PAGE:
the winner of the magazine is Jackie Thompson! Congratulations Jackie!!!!! One of these days I am going to join the computer age and do these drawings electronically. At least there's no discrepancy as to who the winner is with this method :)
Jackie, if you will email me with your address, sewbussted@yahoo.com, I will get the magazine out to you ASAP!
In the meantime, you can order your Clover pant pattern here directly from Colette Patterns.
I think this will be a fun sew along!

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Thursday, August 28, 2014

Thrifty Thursday

I've had this jacket in my line up of free patterns for a while. Although the weather has not changed, fall and winter are fast approaching, so rather than put it off, I thought I would go ahead and get it together.
The jacket is an unlined jacket meant to be made out of boiled wool or a heavy weight knit. You can find the free downloadable pattern here.
The instructions are in the December/January issue of Sew News. Back copies are available here. There is a print version as well as a digital version available. The instructions really aren't necessary for this coat, but the magazine has so many wonderful projects, so you might want to go ahead an order one if you do not already have one. Click here and you can see the other projects that are available in this issue.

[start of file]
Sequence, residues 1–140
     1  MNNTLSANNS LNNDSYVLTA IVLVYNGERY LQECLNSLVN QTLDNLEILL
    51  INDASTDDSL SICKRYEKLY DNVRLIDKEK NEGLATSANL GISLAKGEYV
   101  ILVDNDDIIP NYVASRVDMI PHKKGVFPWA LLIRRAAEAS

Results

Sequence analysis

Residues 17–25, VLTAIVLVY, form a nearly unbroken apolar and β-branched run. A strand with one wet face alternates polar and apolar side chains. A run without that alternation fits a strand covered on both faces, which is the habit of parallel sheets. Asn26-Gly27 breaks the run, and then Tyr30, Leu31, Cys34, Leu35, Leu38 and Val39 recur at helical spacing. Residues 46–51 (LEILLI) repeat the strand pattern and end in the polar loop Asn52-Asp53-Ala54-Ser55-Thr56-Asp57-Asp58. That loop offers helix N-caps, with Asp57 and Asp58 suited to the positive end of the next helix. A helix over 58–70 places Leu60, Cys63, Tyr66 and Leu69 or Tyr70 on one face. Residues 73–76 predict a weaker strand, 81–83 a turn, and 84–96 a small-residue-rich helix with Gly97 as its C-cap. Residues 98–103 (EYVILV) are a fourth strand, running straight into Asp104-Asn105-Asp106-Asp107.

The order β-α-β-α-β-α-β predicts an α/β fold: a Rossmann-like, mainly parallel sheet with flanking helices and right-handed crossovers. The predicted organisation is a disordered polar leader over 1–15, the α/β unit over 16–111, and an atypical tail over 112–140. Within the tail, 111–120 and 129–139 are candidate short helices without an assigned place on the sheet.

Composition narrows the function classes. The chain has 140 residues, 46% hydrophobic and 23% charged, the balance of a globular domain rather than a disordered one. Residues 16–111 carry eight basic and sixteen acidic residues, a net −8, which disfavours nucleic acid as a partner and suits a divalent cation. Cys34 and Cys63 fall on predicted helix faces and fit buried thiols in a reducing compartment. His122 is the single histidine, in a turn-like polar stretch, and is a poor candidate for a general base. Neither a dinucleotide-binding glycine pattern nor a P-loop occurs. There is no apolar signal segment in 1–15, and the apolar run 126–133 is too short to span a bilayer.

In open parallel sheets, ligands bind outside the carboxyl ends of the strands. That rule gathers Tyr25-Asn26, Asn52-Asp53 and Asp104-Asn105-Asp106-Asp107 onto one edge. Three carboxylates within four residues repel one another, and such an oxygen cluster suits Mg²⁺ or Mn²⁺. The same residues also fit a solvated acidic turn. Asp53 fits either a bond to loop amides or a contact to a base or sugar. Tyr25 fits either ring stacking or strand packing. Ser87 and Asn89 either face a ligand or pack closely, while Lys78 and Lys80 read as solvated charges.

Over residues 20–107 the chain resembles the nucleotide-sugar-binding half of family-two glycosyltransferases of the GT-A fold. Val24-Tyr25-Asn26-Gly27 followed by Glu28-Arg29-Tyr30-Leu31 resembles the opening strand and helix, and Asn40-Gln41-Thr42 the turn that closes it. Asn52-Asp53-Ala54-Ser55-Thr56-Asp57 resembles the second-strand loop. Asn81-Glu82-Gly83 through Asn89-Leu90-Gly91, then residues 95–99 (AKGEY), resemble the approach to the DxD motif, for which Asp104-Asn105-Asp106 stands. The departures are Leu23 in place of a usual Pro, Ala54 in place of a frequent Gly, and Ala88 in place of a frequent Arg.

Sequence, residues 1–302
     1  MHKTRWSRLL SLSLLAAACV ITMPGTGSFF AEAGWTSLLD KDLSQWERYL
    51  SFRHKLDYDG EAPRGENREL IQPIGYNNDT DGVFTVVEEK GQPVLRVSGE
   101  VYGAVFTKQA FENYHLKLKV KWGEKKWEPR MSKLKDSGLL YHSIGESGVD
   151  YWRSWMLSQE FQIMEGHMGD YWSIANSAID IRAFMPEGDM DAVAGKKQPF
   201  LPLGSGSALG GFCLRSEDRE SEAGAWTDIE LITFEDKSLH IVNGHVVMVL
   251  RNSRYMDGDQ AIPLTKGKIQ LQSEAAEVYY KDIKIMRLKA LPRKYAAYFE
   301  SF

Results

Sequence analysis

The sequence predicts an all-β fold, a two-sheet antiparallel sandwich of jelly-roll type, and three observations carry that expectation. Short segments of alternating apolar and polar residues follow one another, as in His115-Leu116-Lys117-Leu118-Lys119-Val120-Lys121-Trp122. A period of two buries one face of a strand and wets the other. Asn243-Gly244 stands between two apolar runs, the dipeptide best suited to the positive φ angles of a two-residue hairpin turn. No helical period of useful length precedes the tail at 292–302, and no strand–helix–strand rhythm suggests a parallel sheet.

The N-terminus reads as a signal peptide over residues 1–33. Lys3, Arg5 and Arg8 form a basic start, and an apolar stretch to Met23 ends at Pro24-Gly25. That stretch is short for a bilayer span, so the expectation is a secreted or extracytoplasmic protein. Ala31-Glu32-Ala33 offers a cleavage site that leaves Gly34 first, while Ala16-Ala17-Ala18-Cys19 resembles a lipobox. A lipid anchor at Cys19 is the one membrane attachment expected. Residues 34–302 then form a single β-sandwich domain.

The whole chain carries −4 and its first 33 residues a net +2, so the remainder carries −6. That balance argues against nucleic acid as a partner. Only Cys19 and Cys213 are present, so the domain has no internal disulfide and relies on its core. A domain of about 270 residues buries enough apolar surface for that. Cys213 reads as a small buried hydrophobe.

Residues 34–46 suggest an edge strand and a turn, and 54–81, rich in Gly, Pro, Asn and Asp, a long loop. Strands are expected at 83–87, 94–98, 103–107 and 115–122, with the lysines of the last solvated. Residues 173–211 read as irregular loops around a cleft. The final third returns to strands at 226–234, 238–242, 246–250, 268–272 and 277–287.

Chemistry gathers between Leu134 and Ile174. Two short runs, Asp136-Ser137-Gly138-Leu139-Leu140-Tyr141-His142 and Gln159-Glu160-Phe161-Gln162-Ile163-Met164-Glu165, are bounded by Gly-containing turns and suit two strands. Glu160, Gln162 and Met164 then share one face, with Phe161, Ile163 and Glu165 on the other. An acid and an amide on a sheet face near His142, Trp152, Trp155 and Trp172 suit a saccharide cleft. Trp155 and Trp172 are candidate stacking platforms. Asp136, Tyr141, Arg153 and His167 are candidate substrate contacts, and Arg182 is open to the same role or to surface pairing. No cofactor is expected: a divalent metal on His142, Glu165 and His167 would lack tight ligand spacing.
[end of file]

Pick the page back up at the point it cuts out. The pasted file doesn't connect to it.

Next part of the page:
Here's my coat. I had a piece of wool that I have wanted to felt, so I decided that this would be the perfect project.Sadly, I did not take a picture of the wool prior to felting.
A little note about felting wool, especially a piece this light in color. If there is any lint in your washing machine, it will get caught in the fabric as you can see below. I was able to pick this out of my fabric, but it does take a little time. Also, I have a front loading washer. I set the dial on the hottest setting and the highest spin. It took 3 tries to get the fabric to where I wanted it to be. So felting is possible in a front loader, it just takes a little longer than it would in a regular washing machine. One last note, your fabric will shrink considerably. This fabric was 60" wide and by the time I finished, it was 42" wide, so keep that in mind if you decide to do this.